dimanche 16 septembre 2012

Jacob Miller - Who Says Jah No Dread (Reggae)

1. Keep In Knocking
2. Knocking Version
3. False Rasta
4. Hungry Town Scanc
5. Baby I Love You So
6. King Tubby Meets Rockers Uptown
7. Who Sa Jah No Dread
8. Jah Dread
9. Each One Teach One
10. Each One Teach One Version
11. Girl Name Pat
12. Girl Name Pat Version

This showcase collection features all six of Jacob Miller's Augustus Pablo produced single A-sides back to back with their respective dub versions. It's a great collaboration: Miller's impassioned vocals, Pablo's uniquely strong rhythms, melodies and arrangements played by some of Jamaica's finest musicians; plus the legendary King Tubby at the mixing desk. All the tracks were recorded over an 18 month period (1974-75) at Randy's and Dynamic studios and provided much of the source material for the landmark "King Tubby meets rockers uptown" album, after being mixed at King Tubby's studio by the master himself. Miller was still a teenager when he started working with Pablo, but handles each vocal performance with an assurance that belies his youthful inexperience, whether it's the dread lyrics of tracks like "False rasta" or love songs like "Baby I love you so", and Tubby's dub mixes beautifully complement the A-sides. Dub was still a relatively new phenomenon when these recordings were made and hardly known outside of Jamaica. The idea of stripping a track down to its bare bones, adding effects such as echo and reverb, and dropping its constituent musical elements in and out of the mix was pioneered by Tubby, opening the door to a whole new world of sonic exploration. It's difficult to pick favourite tracks on a compilation as good as this one. The most famous of these singles is undoubtedly "Baby I love you so" or rather its dub version "King Tubby meets rockers uptown", which was one of the first examples of dub to make any sort of impact internationally. But from the opening "Keep on knocking", which begins with a statement of intent by Miller ("This is rockers! Original rockers!") it's non-stop quintessential mid-70's reggae from start to finish. Miller wanted to make more records with Pablo (who can blame him?) but given Pablo's dire financial status (he was often dependent on many of the musicians playing on his records for free on the basis that he would do the same for them), the promises of fame and fortune from other producers soon became too tempting. Before long Miller would become hugely successful with his band Inner Circle, but artistically at least, he never surpassed the recordings on this album. Sadly he was killed in a car crash in 1980, while Tubby was tragically gunned down outside his studio in 1989 and Pablo died a decade later in 1999. Although the rhythms collected together on "Who say Jah no dread" are all available elsewhere, these are the definitive versions and if you only ever buy one Augustus Pablo record make sure this is it. In view of the album's title it's also pertinent to mention that Pablo was a deeply religious man who often credited Jah as co-producer of his works and this one is no exception. On the sleeve, after the words "produced by Augustus Pablo" you can read the following in parenthesis: "produced by King Selassie I through his divine powers working through I and I to manifest these inspirations". What more can I say?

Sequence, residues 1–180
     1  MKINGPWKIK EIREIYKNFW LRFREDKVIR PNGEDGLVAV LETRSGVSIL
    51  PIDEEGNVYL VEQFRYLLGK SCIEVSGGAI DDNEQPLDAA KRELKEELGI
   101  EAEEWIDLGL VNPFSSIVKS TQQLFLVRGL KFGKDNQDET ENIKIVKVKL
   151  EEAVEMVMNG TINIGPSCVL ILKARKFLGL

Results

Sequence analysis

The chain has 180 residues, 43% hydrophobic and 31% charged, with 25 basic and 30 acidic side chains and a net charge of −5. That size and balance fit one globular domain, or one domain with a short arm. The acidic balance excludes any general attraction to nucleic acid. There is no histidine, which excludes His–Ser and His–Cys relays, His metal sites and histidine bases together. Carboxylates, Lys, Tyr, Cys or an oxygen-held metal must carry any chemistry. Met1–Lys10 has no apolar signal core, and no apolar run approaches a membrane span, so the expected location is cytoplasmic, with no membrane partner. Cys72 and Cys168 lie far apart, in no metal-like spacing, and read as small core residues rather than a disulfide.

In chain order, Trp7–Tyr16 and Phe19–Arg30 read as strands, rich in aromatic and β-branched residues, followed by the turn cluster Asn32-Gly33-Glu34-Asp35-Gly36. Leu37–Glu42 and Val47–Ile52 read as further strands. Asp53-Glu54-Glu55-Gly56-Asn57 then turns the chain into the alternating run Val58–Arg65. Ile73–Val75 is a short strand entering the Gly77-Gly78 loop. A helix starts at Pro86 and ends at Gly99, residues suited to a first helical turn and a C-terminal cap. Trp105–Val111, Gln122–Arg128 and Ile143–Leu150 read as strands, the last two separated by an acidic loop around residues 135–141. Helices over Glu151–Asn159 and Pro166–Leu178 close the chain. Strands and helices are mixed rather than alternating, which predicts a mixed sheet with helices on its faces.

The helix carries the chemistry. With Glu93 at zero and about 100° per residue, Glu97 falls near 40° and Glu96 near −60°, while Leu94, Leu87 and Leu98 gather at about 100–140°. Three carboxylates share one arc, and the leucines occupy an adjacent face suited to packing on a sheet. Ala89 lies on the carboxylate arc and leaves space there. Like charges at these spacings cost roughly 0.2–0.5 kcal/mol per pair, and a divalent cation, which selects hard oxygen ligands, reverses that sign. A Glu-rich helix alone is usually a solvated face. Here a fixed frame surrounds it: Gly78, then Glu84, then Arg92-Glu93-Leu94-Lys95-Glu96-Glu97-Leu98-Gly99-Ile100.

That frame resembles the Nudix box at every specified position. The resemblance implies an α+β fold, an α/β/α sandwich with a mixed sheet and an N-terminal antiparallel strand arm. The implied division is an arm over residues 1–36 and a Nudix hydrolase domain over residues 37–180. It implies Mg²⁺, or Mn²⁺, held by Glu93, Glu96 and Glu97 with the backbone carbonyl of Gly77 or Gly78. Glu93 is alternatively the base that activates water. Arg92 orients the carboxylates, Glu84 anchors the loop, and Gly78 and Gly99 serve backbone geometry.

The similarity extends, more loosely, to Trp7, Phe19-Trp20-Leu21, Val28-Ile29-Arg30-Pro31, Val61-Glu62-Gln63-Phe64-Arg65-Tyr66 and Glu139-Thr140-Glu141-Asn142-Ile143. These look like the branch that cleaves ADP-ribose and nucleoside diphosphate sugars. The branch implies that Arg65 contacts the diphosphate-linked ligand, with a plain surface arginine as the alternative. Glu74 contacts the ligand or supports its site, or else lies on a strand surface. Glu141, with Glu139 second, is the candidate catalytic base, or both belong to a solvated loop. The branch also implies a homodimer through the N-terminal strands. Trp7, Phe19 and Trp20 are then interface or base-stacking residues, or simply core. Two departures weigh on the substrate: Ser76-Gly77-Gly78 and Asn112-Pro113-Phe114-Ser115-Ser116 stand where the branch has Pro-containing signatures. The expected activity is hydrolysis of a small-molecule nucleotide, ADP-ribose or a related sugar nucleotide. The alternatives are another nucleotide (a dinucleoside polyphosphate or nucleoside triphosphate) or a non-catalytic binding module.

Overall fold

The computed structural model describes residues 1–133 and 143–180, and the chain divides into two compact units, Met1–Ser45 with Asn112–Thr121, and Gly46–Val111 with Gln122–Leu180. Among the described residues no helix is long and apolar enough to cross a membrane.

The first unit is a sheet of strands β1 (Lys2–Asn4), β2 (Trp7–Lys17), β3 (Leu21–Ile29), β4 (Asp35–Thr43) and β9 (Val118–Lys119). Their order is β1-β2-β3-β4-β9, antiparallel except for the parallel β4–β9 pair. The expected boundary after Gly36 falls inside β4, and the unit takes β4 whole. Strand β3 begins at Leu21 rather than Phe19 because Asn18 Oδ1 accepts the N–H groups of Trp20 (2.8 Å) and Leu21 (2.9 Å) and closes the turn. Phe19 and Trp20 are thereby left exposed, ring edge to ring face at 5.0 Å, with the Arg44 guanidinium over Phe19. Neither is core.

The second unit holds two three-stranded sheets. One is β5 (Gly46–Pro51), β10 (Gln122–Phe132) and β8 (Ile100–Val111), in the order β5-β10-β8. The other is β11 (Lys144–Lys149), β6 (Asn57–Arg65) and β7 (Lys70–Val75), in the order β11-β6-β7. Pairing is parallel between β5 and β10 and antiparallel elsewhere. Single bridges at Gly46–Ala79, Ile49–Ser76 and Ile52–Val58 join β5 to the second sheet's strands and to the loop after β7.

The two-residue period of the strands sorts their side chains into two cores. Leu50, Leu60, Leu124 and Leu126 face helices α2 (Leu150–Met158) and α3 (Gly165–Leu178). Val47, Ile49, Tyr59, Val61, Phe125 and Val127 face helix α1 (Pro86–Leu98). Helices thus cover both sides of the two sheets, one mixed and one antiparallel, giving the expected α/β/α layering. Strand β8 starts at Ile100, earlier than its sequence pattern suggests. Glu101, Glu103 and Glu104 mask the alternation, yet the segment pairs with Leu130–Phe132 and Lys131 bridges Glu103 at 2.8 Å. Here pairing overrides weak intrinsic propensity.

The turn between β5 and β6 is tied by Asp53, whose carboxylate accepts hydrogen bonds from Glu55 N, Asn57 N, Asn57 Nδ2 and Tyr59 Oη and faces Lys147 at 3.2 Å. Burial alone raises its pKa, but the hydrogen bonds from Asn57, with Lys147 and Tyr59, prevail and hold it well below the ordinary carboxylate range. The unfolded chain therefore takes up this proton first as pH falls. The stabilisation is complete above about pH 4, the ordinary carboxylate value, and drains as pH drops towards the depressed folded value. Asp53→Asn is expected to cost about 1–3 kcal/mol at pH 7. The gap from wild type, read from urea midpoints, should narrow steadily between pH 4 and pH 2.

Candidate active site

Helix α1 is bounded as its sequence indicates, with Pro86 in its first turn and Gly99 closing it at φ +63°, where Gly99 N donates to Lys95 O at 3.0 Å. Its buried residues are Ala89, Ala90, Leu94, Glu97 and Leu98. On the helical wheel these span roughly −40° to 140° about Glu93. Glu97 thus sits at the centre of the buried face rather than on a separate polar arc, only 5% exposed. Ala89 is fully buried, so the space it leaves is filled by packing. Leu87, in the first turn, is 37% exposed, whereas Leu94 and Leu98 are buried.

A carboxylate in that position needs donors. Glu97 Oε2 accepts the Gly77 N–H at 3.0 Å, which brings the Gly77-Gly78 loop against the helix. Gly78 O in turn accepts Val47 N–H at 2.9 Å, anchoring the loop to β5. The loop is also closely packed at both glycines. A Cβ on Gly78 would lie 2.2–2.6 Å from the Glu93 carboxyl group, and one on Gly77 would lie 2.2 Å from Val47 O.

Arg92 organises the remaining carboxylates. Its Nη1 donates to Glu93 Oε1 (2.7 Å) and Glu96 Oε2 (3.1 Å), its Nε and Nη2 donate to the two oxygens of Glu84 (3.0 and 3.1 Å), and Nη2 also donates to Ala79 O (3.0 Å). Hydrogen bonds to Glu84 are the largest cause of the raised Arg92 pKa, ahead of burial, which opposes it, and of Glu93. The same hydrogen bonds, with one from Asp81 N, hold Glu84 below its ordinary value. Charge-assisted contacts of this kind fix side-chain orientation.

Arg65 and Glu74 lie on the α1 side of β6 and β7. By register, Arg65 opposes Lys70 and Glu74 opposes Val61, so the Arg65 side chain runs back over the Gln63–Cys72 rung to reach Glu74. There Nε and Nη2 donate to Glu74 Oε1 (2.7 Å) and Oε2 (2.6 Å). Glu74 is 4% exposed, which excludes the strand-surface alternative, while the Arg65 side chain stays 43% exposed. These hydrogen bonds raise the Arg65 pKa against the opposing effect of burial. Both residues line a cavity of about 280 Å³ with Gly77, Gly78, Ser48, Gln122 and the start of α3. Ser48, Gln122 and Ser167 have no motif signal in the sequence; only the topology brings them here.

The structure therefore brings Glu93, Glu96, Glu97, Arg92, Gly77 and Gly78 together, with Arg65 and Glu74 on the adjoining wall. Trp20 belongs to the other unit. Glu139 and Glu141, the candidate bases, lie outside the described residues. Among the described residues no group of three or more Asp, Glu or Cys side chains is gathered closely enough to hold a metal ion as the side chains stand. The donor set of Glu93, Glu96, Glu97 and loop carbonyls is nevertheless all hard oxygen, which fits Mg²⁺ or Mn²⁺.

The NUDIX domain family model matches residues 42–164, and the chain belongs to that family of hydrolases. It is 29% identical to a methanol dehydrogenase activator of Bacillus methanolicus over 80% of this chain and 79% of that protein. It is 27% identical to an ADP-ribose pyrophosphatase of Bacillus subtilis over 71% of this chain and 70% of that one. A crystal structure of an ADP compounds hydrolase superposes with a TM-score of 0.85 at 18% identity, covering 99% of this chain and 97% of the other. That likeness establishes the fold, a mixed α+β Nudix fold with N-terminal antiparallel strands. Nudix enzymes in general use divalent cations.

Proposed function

2 commentaires:

PMSS a dit…

Thanks for sharing this. I also enjoy reggae music. I recently watch BBC documentary about reggae music, starring Bob Marley titled Reggae: The Story of Jamaican Music. It is must watch documentary for those who love reggae and music fans.

sogoodmusic a dit…

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